The individual study results are summarized and presented in table 3. Table 4 presents the strength of the evidence regarding efficacy and harms of BFRs for individual indications of interest. In the following paragraphs we summarize results of included studies by indication.
Efficacy of BFRs for examination anxiety
Three placebo-controlled RCTs examined the efficacy of BFRs for the treatment of examination anxiety in 272 students between the ages of 18 and 65. [3, 18, 19] Two studies used the Five Flower Rescue Remedy, a third a combination of 10 BFRs as interventions. Study durations ranged from three hours to 14 days. Examination anxiety was measured using the State-Trait Anxiety Inventory for Adults (STAI), the STAI S-Anxiety subscale, or the German version of the Test Anxiety Inventory (TAI-G).
The best available evidence was a RCT conducted in the United States (US) which randomized 111 nursing students to Rescue Remedy or placebo after leading them to believe they had to take a surprise examination. The students applied four drops of Rescue Remedy or placebo to their tongues every 20 minutes for a period of three hours. Overall, the study was well conducted and had a low risk of bias. Both participants and study personnel were blinded to the treatment allocation, and the randomization sequence was computer generated. Measurement of the STAI S-Anxiety subscale was performed before the intervention and again 3 hours later.
Results indicated similar treatment effects of BFRs and placebo. Students treated with BFRs exhibited a reduction of 0.44 points on the STAI S-Anxiety subscale (reduction from 2.21 to 1.77), compared with a 0.38 point reduction in students on placebo (reduction from 2.34 to 1.96). This difference did not reach statistical significance and is most likely also not clinically relevant. In post hoc ANOVA analyses of various subgroups of patients, however, BFRs reduced anxiety in the subgroup of students who demonstrated high levels of anxiety at the first measurement (N = 39), more than the placebo (data not reported; p = 0.03). However, this result should be interpreted with caution because subgroup analyses are prone to chance findings due to multiple testing, or alternatively "regression to the mean" may have occurred. 
The other two studies, one conducted in Germany , the other in the United Kingdom (UK)  enrolled fewer participants and both had a high risk of bias (inadequate randomization  or high loss to follow-up ). Nevertheless, findings were consistent with results from the US trial. The German study randomized 61 students to a pre-determined combination of 10 BFRs (impatiens, mimulus, gentian, chestnut bud, rock rose, larch, cherry plum, white chestnut, scleranthus, and elm) or placebo in a four-week cross-over design. The RCT conducted in the UK randomized 100 students to at least one week of Five Flower Rescue Remedy or placebo. Measurements were taken at baseline, the night before the examination and after the examination using the STAI and the TAI-G.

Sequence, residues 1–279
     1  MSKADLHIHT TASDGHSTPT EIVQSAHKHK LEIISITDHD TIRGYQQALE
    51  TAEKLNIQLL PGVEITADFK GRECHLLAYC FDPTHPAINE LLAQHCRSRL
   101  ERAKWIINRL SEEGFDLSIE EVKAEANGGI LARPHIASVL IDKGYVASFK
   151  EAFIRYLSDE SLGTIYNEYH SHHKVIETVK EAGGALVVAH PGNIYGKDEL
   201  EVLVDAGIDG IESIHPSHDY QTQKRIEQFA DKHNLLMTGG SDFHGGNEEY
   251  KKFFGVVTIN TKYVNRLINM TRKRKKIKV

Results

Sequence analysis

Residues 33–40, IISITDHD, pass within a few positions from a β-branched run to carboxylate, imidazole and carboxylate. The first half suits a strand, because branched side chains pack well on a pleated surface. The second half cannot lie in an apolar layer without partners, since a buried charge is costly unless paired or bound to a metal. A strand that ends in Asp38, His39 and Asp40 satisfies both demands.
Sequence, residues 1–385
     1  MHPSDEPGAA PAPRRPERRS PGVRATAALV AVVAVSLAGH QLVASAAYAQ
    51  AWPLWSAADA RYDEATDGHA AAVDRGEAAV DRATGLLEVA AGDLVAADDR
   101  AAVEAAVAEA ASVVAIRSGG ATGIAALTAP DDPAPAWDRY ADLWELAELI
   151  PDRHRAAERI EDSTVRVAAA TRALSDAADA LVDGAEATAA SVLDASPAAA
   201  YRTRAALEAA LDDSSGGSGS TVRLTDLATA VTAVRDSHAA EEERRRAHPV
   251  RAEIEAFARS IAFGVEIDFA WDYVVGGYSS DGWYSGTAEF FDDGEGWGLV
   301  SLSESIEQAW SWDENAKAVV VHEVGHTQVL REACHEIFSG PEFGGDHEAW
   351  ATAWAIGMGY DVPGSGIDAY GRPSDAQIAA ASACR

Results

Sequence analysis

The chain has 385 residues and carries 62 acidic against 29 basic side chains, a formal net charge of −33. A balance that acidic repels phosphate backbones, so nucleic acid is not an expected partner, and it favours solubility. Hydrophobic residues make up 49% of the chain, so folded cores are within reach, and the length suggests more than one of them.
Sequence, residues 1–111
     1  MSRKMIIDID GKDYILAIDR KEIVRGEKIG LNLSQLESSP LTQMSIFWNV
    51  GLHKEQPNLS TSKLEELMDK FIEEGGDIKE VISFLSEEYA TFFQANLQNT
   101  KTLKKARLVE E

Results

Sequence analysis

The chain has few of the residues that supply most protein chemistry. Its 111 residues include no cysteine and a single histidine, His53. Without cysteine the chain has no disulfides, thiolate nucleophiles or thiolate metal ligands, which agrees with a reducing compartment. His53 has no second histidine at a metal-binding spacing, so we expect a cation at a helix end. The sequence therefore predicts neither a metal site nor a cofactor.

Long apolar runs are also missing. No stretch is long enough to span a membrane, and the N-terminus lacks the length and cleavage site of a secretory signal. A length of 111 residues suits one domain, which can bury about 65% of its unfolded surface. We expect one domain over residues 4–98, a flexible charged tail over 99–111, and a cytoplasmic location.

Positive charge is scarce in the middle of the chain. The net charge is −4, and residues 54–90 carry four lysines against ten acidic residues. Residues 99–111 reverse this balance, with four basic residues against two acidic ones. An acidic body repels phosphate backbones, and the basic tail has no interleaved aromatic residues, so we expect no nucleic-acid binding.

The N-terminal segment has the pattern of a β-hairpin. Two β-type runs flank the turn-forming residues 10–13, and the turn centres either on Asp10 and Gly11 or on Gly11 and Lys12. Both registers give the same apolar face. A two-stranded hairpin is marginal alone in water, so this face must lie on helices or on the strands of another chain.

Both trials did not detect any differences in efficacy between BFRs and placebo for the treatment of examination anxiety. The university students in the German study actually reported a numerically greater reduction of the TAI-G in students taking placebo than in students taking BFRs. The mean reduction in the BFRs group was 5.25, compared with 7.69 in the placebo group (P = 0.55). Similarly, the UK trial  found no significant difference in the STAI on the night before the examination between experimental and placebo groups: The score was 51.5 in the BFRs group and 54.4 in the placebo group (P = 0.834).
Efficacy of BFRs for anxiety in psychiatric patients
A fourth RCT, also conducted in Germany, reported on the efficacy of rescue remedy for treating anxiety in 98 psychiatric patients (with diagnoses of anxiety disorder, depression or depressive symptoms during a non-acute schizoaffective psychosis) who had anxiety as their main symptom. After three days of therapy, there was no difference in improvement of the item 15 "anxiety" measure on a visual analogue scale (VAS) between the BFRs and placebo group. We were unable to include this study, as not enough information regarding randomization, masking, attrition or the statistical analysis was available to evaluate its internal validity. Numerous attempts to obtain the appropriate information from the authors unfortunately failed. Nonetheless, the results are consistent with the other trials of BFRs for anxiety.
Efficacy of BFRs for Attention-deficit Hyperactivity Disorder (ADHD)
We found two RCTs of BFRs for ADHD. One RCT conducted in Israel reported on the efficacy of five BFRs (Prunus cerasifera, Clematis vitalba, Impatiens glandulifera, Helianthemum and Ornithogalum, the components of Five Flower/Rescue Remedy) in treating forty 6–11 year old children with a DSM (Diagnostic and Statistical Manual)-VI confirmed diagnosis of ADHD. The children were randomized to three months of BFR or placebo. The mean Conner's score before treatment was 16.59 in the BFRs group and 17.12 in the placebo group. After treatment, the corresponding values were 11.90 and 13.58, indicating a significant improvement over time for both groups (p = 0.001), however no statistically significant difference between BFRs and placebo (p value not given). Again, the very high dropout rate (42.5%) in this study, attributed to difficulty in giving children the drops four times a day, indicates the study has a high risk of bias.
We excluded the second randomized, controlled trial of 10 children aged 5- to 12 with a diagnosis of ADHD requiring partial hospitalization, which was published in abbreviated form as a letter to the editor. Not enough information regarding randomization, masking or statistical analysis was available to rate its internal validity. The children received either Rescue Remedy plus vervain, crab apple and walnut BFRs or a placebo 2–3 times a day, with follow-up performed at three weeks and three months. None of the 10 children completed the study. The authors report no difference in the Columbia Impairment Scale (CIS) score, however a significant difference between Childhood Attention Profile (CAP) score at both three weeks and three months is reported (p = 0.03; data not reported).